Sunday 14 July 2013

"The Great Arkie-Tekkie Shootout", Really?

'Florida Busts Artifact Thieves Who Damaged Lands, Waters' [, February 28, 2013] but  Jacksonville, Florida archaeologist Lisa Hume MacIntyre is going to talk nice to the artefact hunters on the American Digger magazine’s Relic Roundup Show tomorrow night  (Monday Night at 9:00 PM eastern standard time).
The one you've been asking for, a Archaeologist /Detectorists live debate. Featuring archeologist Lisa McIntyre and detecting icon Dick Stout, this will be perhaps the most exciting show we've ever had!
From her previous "reflections", and the fact that  the main contribution of her opponent to the debate on the preservation of the archaeological heritage is name-calling serving to elicit support among the thugwits, I do not think we can expect much intellectual cut-and-thrust.  My prediction is that the debate will conclude with some wishy-washy "wouldn't-it-be-nice" sentiments lacking any substance (probably with the PAS thrown up randomly and taken out of context as a "good example to follow") and a wholesale lack of any understanding of what the issues actually are, from both sides.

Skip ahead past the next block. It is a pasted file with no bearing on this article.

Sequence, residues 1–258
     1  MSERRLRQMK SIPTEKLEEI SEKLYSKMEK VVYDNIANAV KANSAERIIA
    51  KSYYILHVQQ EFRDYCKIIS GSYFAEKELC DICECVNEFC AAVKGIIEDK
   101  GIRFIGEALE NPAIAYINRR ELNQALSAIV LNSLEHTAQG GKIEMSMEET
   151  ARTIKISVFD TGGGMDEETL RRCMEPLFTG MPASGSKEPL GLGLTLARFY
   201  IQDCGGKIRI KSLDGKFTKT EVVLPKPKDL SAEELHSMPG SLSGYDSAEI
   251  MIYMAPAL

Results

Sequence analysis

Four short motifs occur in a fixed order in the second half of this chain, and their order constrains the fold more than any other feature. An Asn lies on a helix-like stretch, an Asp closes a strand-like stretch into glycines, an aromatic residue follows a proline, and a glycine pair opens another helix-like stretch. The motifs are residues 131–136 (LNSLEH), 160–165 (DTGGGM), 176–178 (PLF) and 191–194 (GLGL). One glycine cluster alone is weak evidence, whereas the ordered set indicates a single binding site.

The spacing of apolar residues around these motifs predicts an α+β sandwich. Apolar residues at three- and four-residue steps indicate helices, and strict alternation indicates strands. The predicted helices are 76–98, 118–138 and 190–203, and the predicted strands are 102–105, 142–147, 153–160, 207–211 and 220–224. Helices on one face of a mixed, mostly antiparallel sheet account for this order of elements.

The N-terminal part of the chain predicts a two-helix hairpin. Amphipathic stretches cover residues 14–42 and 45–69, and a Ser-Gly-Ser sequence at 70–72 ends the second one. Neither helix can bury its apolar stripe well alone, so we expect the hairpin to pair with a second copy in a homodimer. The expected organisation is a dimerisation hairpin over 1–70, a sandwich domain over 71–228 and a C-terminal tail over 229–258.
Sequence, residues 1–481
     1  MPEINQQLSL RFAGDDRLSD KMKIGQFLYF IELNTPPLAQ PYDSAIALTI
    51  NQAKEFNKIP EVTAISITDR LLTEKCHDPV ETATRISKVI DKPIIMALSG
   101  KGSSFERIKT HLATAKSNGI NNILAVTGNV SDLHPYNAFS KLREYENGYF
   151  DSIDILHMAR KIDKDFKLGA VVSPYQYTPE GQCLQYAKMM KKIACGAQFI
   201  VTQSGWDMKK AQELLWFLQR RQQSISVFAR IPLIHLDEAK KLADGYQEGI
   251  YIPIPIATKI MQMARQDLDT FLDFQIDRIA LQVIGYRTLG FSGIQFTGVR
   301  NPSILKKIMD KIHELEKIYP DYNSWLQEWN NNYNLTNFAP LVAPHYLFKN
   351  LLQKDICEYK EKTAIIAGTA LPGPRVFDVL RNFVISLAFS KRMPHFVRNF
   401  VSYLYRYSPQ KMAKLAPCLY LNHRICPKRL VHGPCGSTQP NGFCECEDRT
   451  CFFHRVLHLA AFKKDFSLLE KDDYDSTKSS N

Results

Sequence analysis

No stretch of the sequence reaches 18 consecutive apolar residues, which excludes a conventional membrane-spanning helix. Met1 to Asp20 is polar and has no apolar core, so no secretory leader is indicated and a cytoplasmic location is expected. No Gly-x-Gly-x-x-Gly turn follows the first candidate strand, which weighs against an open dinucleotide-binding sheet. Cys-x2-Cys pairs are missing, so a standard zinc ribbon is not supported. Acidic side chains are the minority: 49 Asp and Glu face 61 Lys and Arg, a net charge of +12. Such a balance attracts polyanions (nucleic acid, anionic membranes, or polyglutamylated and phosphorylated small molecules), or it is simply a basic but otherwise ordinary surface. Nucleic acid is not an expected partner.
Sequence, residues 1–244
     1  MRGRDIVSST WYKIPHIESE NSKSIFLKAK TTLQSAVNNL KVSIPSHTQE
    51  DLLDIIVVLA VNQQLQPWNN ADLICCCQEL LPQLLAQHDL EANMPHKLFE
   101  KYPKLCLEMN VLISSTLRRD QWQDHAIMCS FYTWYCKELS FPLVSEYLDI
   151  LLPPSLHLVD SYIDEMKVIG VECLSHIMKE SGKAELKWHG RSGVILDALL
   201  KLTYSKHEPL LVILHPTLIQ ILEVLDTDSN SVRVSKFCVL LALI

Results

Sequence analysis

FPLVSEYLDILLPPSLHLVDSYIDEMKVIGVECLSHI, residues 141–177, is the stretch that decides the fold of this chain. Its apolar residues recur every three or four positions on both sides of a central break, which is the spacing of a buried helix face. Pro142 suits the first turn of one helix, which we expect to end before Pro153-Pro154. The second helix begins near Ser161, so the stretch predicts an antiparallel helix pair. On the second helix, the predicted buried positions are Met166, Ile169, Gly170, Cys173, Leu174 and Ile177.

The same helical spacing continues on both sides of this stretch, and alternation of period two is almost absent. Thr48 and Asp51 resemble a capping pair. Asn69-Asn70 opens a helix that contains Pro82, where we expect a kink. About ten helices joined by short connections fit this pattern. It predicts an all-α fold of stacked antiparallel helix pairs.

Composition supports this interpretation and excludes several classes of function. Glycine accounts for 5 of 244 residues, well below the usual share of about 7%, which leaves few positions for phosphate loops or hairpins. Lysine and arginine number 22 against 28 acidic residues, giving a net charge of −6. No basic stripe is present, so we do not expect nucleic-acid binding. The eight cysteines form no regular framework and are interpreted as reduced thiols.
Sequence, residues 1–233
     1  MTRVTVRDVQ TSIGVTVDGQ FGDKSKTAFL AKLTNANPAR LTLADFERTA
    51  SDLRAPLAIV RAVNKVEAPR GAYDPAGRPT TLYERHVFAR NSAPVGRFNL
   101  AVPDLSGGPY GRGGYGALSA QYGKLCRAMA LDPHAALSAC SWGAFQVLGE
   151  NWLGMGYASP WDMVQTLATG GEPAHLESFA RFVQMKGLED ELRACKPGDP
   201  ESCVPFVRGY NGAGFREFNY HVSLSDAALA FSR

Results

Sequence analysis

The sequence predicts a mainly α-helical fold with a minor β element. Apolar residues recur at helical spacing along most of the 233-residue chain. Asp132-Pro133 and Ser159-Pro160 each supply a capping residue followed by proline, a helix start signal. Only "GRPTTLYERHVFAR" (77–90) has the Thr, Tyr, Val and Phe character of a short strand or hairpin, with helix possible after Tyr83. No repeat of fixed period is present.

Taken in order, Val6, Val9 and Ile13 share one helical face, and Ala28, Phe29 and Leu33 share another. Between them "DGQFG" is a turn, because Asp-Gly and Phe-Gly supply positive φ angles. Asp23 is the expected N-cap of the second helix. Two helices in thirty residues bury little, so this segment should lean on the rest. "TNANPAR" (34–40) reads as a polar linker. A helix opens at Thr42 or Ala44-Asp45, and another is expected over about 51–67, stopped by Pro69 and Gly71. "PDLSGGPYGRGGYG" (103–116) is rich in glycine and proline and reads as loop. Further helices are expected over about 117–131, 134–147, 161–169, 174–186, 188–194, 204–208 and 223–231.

Mind you, it IS a "call-in show", so there is nothing to stop some more clued up US heritage professionals phoning up with more searching questions for either participant.

UPDATE 16th July, night there, early morning 17th here.